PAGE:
Options for spinal pain include traditional medications like over the counter analgesics or opioids, and also in between medications that are different from the traditional on-label medications. One of those medications includes gabapentin, which works well for neuropathic pain. Initially it was designed for epilepsy, but it is often used off-label for pain. Some antidepressants are often used for neuropathic pain issues.
Quite a few conditions represent things that can go wrong with one’s spine. The soft cushions between the vertebral bodies are called spinal disks, and are like jelly-filled donuts. They may get little tears or disk bulges; sometimes these tears result in larger cervical or lumbar disk herniations, and are large enough to press on spinal nerves. This results in burning down one’s legs, called sciatica. If the pain is in the arms, the fancy term is radiculopathy for the pain.
An additonal problem that older patients see is arthritis coming from bony and soft tissue overgrowth. This is called spinal stenosis.
Options for spinal pain include traditional medications including OTC analgesics through to opiates, and also in between medications. One of these, gabapentin is a neuropathic pain medication which was initially meant for epilepsy but now often utilized for pain. Some antidepressants are also used for neuropathic pain conditions.
Another option for back and neck pain that works well is physical therapy. This includes strengthening of the core along with backa and neck muscles, bladder, and diaphragm. Treatment by a chiropractor has lots of research to back it up for neck pain along with acute low back pain. Additional treatments include spine decompression, which is a revolutionary treatment with intermittent traction providing nutrients to the disc. Ice, heat, electrical stimulation, laser, and acupuncture can also give significant relief.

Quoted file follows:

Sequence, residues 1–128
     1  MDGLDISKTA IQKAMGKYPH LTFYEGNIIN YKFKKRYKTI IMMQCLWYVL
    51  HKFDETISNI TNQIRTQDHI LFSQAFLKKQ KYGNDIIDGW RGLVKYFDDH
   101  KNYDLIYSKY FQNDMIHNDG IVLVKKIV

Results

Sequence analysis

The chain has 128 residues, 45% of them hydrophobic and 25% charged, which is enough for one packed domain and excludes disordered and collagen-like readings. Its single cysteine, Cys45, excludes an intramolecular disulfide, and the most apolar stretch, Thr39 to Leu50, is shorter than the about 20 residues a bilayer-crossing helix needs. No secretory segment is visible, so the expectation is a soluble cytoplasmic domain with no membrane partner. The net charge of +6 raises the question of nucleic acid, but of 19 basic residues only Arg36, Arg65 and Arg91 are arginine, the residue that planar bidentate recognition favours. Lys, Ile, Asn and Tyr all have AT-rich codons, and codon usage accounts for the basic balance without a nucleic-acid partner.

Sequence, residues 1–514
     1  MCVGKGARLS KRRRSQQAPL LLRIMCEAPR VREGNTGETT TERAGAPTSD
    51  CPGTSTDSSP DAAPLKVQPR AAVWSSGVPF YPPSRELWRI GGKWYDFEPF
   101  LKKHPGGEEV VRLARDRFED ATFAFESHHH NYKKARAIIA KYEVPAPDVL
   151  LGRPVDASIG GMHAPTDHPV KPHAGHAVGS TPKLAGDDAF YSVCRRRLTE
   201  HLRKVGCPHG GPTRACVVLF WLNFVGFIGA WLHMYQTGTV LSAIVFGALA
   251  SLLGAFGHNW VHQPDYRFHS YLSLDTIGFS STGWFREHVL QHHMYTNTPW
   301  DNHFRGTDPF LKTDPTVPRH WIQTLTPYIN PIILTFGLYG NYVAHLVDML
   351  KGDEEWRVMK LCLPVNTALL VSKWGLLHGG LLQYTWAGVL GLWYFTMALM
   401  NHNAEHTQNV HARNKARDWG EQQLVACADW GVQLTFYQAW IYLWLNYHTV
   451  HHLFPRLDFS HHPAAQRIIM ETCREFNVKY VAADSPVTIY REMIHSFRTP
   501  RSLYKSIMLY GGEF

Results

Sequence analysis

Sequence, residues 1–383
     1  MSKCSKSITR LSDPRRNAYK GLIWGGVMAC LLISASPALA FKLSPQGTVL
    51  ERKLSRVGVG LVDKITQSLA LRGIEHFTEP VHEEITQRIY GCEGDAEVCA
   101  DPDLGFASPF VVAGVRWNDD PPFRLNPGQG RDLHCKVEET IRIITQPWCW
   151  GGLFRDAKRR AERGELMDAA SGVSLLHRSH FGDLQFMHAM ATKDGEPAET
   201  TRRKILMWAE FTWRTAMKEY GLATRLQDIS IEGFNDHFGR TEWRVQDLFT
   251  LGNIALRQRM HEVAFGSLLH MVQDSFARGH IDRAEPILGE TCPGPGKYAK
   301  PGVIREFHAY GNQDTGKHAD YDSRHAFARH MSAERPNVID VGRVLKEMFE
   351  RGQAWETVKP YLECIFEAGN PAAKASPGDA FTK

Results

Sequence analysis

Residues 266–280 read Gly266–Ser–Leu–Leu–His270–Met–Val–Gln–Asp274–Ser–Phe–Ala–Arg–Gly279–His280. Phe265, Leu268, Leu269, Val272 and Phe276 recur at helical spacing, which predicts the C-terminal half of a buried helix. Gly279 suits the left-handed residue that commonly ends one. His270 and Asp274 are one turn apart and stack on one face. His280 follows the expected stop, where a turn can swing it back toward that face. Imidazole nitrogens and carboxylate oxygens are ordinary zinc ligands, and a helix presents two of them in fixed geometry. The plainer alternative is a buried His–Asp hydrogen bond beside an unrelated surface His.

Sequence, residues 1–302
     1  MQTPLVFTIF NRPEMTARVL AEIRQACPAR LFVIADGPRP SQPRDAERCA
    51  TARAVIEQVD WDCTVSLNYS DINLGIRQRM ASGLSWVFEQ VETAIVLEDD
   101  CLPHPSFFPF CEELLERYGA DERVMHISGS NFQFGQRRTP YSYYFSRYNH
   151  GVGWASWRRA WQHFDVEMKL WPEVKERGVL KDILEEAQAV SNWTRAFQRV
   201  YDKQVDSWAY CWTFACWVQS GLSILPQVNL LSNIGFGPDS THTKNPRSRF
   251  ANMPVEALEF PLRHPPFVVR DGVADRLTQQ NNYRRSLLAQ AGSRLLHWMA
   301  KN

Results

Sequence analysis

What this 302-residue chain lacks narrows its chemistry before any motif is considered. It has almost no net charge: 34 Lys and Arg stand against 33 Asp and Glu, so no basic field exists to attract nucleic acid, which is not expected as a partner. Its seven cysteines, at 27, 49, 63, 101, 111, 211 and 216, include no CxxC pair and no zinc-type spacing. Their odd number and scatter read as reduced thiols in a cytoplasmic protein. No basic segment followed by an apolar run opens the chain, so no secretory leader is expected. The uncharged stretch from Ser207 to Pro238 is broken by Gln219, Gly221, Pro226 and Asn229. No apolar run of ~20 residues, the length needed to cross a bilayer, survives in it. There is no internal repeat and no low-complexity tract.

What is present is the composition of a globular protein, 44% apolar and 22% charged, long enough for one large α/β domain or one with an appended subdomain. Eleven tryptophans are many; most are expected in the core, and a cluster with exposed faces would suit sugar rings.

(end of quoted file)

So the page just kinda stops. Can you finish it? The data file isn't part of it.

Apart from physical therapy, medications, and alternative treatments, a few injection options are available which can help avoid surgery and can be quite effective for spine pain. There are some studies backing up the use of cortisone shots to these facet joint areas; if it works and then wears off a follow up procedure called radio frequency ablation may be used. This may provide relief for over a year.
Another form of injection involves epidural treatments. In pain patients, these procedures are done with the addition of x-ray fluoroscopy, which helps locate the needle for more accurate placement. The idea is to provide some cortisone along with numbing medicine to irritated nerve roots and help simmer down on the swelling and alleviate sciatic, or radicular pain. It is typically quite effective.
There are 3 ways epidural injections are usually done. One is an intra-laminar approach, which is how the injections were done when epidural injections were first started. Another is a transforaminal approach, or a selective nerve root approach, where the medication is injected into the exiting tunnel in a more precise fashion. A third injection is called the caudal approach, which is above the coccyx in a small tunnel at the base of the sacrum.